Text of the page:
The dot clouds, one red and one blue, resemble a cell nearly done splitting. Each cloud represents a group of social media users so polarized that the threads connecting them are tenuous at best. Democrat and Republican, left and right, pro and con.
Bridging the divide between these echo chambers has kept
Kiran Garimella, a computer science PhD researcher at Aalto University, up at night.
"It's a hard task for sure," he told me — a huge understatement. "I've had a lot of sleepless nights." He and his international colleagues from Aalto University in Helsinki recently developed an algorithm that could help Twitter users on either side of a divisive issue step out of their respective bubbles and reach across the aisle.
Personalized recommendations on sites like Facebook and Twitter mean that when we search for information, we tend to be presented with suggestions that already conform to our beliefs. This "Truman Show"-like reinforcement creates what social scientists call "bubble filters" that shut out opposing viewpoints, Garimella explained.
The computer scientists started with large data sets from well-known Twitter users with numerous followers, analyzed the connections among them, and looked at how the users interact. Once the researchers had quantified the users' bubbles, called retweet networks, they parsed the data for keywords and hashtags.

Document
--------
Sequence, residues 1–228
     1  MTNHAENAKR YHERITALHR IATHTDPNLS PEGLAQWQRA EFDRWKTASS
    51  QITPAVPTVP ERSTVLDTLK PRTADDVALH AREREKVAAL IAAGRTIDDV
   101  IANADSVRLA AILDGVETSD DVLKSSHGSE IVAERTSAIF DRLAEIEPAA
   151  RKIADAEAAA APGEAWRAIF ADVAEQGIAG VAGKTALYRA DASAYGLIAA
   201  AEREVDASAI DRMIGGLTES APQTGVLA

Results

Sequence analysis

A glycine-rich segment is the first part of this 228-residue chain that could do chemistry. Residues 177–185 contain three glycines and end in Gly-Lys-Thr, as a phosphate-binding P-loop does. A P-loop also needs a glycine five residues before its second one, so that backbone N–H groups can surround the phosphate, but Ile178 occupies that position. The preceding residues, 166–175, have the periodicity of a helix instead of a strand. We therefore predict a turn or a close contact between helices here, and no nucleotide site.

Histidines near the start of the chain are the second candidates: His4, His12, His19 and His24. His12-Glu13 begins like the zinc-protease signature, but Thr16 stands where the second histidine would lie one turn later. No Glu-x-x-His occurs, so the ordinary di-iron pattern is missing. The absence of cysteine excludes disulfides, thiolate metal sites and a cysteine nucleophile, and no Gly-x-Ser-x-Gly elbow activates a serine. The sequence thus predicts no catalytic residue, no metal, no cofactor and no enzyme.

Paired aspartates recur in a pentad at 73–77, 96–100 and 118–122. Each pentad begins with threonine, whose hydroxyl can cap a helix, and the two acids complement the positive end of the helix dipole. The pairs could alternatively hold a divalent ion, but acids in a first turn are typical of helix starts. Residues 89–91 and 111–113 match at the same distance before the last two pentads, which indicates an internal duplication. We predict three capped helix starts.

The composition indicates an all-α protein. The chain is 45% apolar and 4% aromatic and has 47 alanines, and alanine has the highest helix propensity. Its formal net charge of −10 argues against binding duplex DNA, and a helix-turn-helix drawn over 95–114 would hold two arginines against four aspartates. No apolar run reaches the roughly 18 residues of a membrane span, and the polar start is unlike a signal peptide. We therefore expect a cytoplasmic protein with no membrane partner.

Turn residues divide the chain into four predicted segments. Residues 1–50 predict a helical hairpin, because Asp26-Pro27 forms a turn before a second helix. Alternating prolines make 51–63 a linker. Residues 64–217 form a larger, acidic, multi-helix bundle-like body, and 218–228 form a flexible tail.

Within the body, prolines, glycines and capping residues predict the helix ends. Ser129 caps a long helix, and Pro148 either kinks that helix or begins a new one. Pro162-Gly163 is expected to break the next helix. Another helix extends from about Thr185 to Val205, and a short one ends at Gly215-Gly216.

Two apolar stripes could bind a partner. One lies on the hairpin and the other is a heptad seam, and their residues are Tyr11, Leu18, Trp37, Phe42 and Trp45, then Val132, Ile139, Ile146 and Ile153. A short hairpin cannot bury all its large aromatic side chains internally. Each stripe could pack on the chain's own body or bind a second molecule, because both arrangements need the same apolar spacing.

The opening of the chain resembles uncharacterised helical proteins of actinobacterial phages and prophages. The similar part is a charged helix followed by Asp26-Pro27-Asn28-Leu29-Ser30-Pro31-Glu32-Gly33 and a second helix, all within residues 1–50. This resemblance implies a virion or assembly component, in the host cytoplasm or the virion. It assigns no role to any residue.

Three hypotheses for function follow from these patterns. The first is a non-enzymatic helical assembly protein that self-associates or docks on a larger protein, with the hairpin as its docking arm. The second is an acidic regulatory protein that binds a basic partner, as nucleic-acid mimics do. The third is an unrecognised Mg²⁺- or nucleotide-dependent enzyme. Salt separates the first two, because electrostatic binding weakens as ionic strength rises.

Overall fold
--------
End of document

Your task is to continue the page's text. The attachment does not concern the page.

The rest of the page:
Then their method made suggestions for content most likely to be shared by members of both sides based on factors such as how biased the Twitter users already are and the content's popularity.
Garimella developed the algorithm with associate professor
Aristides Gionis, and postdocs Michael Mathioudakis and Gianmarco De Francisci Morales. Their paper describing the approach recently won an award at the ACM International Conference on Web Search and Data Mining.
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Garimella's interest in political polarization sparked in 2012, when he was based in Barcelona working as a research engineer for Yahoo. His team was tasked with looking at political coverage of the U.S. presidential election and understanding how people search the web for political news. His PhD became a natural continuation of that, he said. At Aalto University, he studied online news consumption, which led to a closer look at how news gets shared.
His group's tool has several advantages over other approaches to connect opposing viewpoints, Garimella told me. For one, it works automatically on a large scale and can be applied to thousands of people. In addition, the tool isn't dependent on any particular language or domain. They tested the tool on data sets from Russian Twitter users and Indian Twitter users split over controversial national issues.
In an ideal scenario, the tool would become a recommendation widget for Twitter, Garimella said. After showing how biased you are on a scale, the self-help tool could make suggestions on what to retweet to become less biased.
In research currently undergoing peer review, the Aalto University team tested the suggestions pulled from their algorithm on a few hundred Twitter users. Around 60 percent indicated those recommendations made sense, which is a favorable result, according to Garimella.
"We don't really connect the extremes, but try to find the middle ground," he said.
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